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Gary de Winnaar
As global demands for natural resources increases, so then do the pressures exerted on ecosystems increase. The developing ecological deficit is reaching critical levels to the point where ecosystems are unable to deliver valuable services such as fresh water to meet human demands. This is particularly the case in semi-arid countries such as South Africa, which continues to experience extreme water shortages and periods of severe drought. The uMngeni Catchment in KwaZulu-Natal and the uMzimvubu Catchment in the Eastern Cape both showcase exciting water governance partnerships in South Africa, each unique regarding catchment management and water use. The uMngeni Ecological Infrastructure Partnership is focused on integrating ecological infrastructure solutions to support built infrastructure investments to address water security challenges, while the Umzimvubu Catchment Partnership Programme aims to conserve the river system through sustainable restoration and maintenance of the catchment. Both catchments are important water resources and economic hubs for South Africa, and both are suffering considerable declines in water quality and water supply, coupled with the fast-growing population. This study presents findings from GIS spatial analyses conducted for each partnership. Analyses differed in terms of information inputs but shared the objective of prioritising areas for guiding catchment management and restoration interventions to promote water-related services. Outputs are presented using sub-catchments to represent the flow of services within catchments, linked to people and ecological infrastructure. Prioritisation maps have provided a pivotal role in decision making by the respective partnerships with the ultimate goal of improving human well-being.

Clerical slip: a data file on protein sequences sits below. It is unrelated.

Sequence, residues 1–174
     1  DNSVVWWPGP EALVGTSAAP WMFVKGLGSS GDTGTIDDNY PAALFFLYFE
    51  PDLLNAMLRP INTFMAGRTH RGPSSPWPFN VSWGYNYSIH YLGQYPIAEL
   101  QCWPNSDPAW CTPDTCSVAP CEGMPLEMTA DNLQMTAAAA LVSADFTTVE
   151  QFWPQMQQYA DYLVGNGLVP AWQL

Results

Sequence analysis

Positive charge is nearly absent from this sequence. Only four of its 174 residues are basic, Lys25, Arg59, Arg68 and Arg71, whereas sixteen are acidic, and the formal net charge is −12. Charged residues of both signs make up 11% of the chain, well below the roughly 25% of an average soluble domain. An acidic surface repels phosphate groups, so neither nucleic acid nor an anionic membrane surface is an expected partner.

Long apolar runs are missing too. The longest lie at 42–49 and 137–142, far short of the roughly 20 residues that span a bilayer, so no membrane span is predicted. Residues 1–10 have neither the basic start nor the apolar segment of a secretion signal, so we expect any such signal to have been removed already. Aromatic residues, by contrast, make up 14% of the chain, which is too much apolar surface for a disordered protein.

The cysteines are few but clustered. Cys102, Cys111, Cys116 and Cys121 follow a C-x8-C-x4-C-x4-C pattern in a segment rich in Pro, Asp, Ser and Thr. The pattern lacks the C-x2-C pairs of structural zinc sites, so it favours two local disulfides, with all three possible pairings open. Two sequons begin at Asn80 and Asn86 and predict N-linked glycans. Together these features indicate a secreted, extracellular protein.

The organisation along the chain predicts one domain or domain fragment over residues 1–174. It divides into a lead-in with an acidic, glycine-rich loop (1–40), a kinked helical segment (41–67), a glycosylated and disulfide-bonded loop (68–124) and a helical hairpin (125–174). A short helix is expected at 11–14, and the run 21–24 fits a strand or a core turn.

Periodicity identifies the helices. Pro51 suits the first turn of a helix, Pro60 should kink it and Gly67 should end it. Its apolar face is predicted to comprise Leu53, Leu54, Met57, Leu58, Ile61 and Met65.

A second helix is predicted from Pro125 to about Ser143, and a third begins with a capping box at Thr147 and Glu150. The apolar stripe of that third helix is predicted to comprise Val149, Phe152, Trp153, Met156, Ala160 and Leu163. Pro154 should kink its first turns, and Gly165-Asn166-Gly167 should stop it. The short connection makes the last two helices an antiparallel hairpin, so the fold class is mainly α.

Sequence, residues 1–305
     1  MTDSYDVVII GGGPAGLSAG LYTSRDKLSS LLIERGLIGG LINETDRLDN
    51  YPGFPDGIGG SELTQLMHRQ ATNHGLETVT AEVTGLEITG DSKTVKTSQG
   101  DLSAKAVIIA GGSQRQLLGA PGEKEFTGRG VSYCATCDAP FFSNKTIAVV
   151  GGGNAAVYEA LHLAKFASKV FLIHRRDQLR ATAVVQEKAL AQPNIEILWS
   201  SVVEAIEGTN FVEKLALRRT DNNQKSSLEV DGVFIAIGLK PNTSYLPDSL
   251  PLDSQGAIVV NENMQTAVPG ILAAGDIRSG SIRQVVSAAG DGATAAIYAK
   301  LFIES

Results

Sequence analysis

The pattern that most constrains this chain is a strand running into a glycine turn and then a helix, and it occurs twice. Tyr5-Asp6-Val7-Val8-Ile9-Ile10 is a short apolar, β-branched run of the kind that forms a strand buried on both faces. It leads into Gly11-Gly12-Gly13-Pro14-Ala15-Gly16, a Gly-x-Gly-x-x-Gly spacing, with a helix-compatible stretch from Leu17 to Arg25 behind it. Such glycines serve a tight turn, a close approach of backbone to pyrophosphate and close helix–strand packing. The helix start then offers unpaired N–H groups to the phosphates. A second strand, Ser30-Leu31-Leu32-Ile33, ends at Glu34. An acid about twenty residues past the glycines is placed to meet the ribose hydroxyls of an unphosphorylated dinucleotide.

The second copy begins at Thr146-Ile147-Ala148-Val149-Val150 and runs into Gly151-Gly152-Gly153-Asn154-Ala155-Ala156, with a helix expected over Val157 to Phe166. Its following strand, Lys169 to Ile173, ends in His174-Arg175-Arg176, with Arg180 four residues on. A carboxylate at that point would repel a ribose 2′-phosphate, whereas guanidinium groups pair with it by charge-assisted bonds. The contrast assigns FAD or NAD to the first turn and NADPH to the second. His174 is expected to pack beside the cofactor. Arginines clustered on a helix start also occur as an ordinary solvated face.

Audio/Video, Conference Presentation, SER2019
Pre-approved for CECs under SER's CERP program
Society for Ecological Restoration